As a result of the Coronavirus Aid, Relief & Economic Security (CARES) Act, the Federal Reserve established the Main Street Lending Program (MSLP) to promote lending to a wide variety of small and medium-sized businesses that were in good financial condition before the onset of the COVID-19 pandemic. The MSLP is authorized to provide $600 billion in financing to these businesses to help maintain operations and payroll.
The Boston Federal Reserve, which is taking the lead on the program, recently began releasing additional information, including an FAQ document and lender and borrower information. As of press time, the Federal Reserve is working to create the infrastructure to operationalize the program and it is not yet accepting program applications. It is expected that the program will fully launch in the coming days.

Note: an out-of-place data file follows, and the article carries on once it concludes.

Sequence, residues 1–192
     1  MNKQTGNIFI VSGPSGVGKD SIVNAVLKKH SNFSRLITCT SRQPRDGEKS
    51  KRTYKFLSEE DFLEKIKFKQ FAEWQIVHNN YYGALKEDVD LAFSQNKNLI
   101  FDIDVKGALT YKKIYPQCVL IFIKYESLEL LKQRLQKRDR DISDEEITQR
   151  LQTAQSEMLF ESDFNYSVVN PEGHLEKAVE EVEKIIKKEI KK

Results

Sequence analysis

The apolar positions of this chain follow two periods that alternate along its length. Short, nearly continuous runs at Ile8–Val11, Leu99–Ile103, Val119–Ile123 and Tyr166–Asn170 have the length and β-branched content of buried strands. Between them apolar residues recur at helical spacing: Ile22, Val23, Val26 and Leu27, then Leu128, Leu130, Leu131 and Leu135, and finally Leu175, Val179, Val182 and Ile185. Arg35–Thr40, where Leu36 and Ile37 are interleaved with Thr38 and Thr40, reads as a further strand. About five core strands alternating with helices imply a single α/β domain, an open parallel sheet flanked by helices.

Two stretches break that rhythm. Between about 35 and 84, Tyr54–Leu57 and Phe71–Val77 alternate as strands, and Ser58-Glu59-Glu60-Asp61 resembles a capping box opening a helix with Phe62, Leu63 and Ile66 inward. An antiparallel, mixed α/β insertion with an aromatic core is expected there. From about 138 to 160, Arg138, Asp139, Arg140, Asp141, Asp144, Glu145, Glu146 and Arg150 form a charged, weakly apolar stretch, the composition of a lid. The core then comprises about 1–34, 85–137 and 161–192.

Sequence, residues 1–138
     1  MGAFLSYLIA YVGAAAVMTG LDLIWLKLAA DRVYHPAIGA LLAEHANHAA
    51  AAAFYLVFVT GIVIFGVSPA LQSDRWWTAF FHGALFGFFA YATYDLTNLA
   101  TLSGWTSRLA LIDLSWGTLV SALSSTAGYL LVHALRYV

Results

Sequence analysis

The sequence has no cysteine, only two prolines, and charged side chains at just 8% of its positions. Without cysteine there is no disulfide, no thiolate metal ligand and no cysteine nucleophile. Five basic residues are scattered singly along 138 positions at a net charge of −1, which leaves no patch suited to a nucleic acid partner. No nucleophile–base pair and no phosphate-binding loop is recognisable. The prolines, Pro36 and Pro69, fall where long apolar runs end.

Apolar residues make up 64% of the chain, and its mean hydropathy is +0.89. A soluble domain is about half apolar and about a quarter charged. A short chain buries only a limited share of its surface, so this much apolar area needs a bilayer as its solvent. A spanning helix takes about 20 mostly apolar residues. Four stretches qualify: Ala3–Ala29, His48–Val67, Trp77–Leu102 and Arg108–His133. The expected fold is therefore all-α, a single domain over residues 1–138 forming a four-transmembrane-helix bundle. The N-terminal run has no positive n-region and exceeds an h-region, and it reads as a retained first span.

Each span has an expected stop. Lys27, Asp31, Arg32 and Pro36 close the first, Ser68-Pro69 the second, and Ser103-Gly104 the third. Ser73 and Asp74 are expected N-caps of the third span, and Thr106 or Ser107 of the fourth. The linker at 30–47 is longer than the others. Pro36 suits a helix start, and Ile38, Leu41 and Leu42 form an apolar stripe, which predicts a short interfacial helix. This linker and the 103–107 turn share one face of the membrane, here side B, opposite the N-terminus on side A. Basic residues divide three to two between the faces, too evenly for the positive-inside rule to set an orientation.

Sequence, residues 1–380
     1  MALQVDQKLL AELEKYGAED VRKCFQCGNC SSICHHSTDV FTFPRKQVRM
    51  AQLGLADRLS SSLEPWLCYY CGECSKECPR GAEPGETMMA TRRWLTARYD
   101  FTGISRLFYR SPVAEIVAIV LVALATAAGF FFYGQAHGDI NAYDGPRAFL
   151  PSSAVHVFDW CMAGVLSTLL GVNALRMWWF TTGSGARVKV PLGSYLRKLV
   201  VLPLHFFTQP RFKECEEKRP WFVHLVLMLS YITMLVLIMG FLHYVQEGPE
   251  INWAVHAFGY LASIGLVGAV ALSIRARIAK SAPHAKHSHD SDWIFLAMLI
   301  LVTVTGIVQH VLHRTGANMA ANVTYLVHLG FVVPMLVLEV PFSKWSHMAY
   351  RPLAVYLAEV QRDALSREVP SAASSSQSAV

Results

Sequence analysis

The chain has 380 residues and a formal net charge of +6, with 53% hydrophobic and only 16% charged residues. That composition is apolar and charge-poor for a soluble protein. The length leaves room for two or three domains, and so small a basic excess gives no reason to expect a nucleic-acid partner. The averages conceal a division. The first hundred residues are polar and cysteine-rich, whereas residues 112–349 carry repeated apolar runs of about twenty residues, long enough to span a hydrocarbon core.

The program offers four-year loans to eligible borrowers—ranging in size from $500,000 to $200 million—with floating rates and principal and interest payments deferred during the first year to assist businesses facing temporary cash flow interruptions. Lending is conducted through eligible lenders. The Federal Reserve does not extend loans directly to borrowers. It should be noted that unlike the Paycheck Protection Program (PPP), Main Street loans are not grants and cannot be forgiven.
Borrowers must meet certain criteria to be eligible for the MSLP. The two most basic are that they must be U.S. businesses established prior to March 13, 2020, and can employ up to 15,000 employees or up to $5 billion in 2019 annual revenue. Eligible borrowers that have received loans under the PPP may also receive Main Street loans.
As the Federal Reserve continues to provide details on the program, the Big “I” will make the most up-to-date government affairs information available on the coronavirus resource page and in the weekly News & Views e-newsletter.
Wyatt Stewart is Big “I” senior director of federal government affairs.